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Reflections about Judith SnowMichelle, Judith and Judith

Hearing the news this week that Judith Snow had passed away was almost too hard to take in. It was surreal and it brought deep sadness.  As the week progressed, it also brought opportunity for reflection on Judith’s wonderful life . . . . and some thinking about the impact she made in our own lives, in my life.

Judith was courageous. She was like a beacon that guided us.  One could not help rising up to some challenge in life upon meeting Judith.

Many of us have participated and shared in learning opportunities with Judith – in whatever form that came.  She was well known for her teaching, challenging many around the meaning and reality of inclusion and citizenship, relationships and dreaming.

Judith inspired audiences with her life stories. In recent years she has been most active as a motivational speaker, social inventor, artist and peace activist.

Judith was a pioneer for inclusion and individualized funding.  She worked tirelessly educating and supporting inclusion in schools and in community along with Marsha Forest, Jack Pearpoint, Rose Galati and others in those early years of Integration Action for Inclusion, a provincial organization that still exists today promoting and supporting full inclusion and citizenship. That is about the time I met Judith – the beginning of my best learning and grounding.  The rest is history. . . .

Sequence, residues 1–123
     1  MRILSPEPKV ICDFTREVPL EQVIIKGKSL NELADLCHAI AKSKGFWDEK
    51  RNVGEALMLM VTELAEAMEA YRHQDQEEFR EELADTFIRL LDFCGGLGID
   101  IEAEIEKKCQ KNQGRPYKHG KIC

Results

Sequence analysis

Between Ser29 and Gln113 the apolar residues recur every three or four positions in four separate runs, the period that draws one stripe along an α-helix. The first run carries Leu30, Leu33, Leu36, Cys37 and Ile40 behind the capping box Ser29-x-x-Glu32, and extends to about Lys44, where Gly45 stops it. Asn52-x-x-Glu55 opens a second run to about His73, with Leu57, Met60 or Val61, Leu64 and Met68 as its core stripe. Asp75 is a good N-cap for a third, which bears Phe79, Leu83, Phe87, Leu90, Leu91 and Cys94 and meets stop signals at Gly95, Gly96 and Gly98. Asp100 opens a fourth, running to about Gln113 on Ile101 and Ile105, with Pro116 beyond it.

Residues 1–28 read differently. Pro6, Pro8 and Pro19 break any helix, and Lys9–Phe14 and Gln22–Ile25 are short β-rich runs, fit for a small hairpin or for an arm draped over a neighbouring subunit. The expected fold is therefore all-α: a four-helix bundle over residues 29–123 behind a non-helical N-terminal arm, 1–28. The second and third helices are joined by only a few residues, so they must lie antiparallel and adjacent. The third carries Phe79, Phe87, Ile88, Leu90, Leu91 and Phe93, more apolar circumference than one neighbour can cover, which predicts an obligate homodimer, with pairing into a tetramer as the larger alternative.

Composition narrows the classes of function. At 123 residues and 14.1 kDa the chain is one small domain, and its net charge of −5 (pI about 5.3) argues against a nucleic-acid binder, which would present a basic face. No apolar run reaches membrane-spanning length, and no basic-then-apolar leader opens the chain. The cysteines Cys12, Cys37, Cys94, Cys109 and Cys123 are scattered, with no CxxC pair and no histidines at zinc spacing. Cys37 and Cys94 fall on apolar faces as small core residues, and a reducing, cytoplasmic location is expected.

Judith’s role with the Individualized Funding Coalition for Ontario (IFCO) and her significance to individualized funding in Ontario, Canada and around the world was beyond huge. Decades ago, her bold actions and that of the Joshua Committee, enabled Judith to break free from an institutionalized setting and live life with the help of individualized funding.

Judith was the first person to receive ‘individualized’ funding in Ontario enabling her to hire her own support team. This led to a life transforming experience and story that was told all over the country and the world; the story is available in a book called ‘From Behind the Piano’ through Inclusion Press.  It continues to be read by many today. Judith’s story and her activism at the time, along with her circle of support called the Joshua Committee, meant change for many others. It broke down barriers that ultimately resulted in various forms of individualized funding emerging and developing over the years.

The ‘funding’ needed to hire personal assistants was always an important component in Judith’s life but not the only component.  Individualized funding did make it possible for Judith to provide jobs as she hired people as personal assistants enabling her to do what she needed to do – be it work, play, travel, teach, paint or hang out at home  . . . . and the list goes on. But for Judith, life was about much more than the funding.  It was her strong belief in herself and others; her desire to contribute, to share, and to teach; her passion for: inclusion, citizenship and peace, for possibility and dreams and above all relationships . . . . . that resulted in Judith leading an amazingly full life for many decades – a life that touched thousands.